President Obama, in defending his vision of government's role in American lives, has increasingly turned to variants of two terms: "American exceptionalism" and "socialism."

"My entire career has been a testament to American exceptionalism," said the president on Monday. "I will cut some folks some slack for now because they are still trying to win their nomination."

Obama followed that remark on Tuesday by equating his tax increases with those of Ronald Reagan "who as I recall is not regarded as a tax-and-spend socialist," as he put it.

At a fundraiser, last night, Obama affirmed the importance of "exporting our values" because "that’s part of what makes us exceptional." Earlier in that same speech, he said "we should have a commitment to our seniors and to the disabled . . . That’s not socialism," he added.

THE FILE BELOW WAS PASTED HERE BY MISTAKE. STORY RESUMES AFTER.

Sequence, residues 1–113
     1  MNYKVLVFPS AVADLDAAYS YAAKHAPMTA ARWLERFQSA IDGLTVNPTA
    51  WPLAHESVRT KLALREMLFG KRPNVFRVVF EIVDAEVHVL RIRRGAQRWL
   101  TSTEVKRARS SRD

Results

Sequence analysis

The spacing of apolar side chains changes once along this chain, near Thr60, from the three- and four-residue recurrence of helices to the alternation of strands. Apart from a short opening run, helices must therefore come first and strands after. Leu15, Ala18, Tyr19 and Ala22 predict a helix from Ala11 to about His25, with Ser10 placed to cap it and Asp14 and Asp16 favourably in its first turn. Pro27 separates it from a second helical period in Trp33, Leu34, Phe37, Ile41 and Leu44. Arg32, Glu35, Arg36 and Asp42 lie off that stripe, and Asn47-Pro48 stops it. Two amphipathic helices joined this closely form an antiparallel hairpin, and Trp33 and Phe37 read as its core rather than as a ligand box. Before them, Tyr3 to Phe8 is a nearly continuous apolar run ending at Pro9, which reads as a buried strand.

Once could be a fluke, but twice in one week Obama associated his policies -- and especially his view of the role of government -- with American exceptionalism, while also combating the idea that his ideas bear any likeness to socialism.

Under pressure from Mitt Romney and a grassroots movement outraged by government spending and the prospect of an individual mandate in Obamacare, the president -- who once said he believes in American exceptionalism "the way Greeks believe in Greek exceptionalism" -- seems to say, "We're all American Exceptionalists now."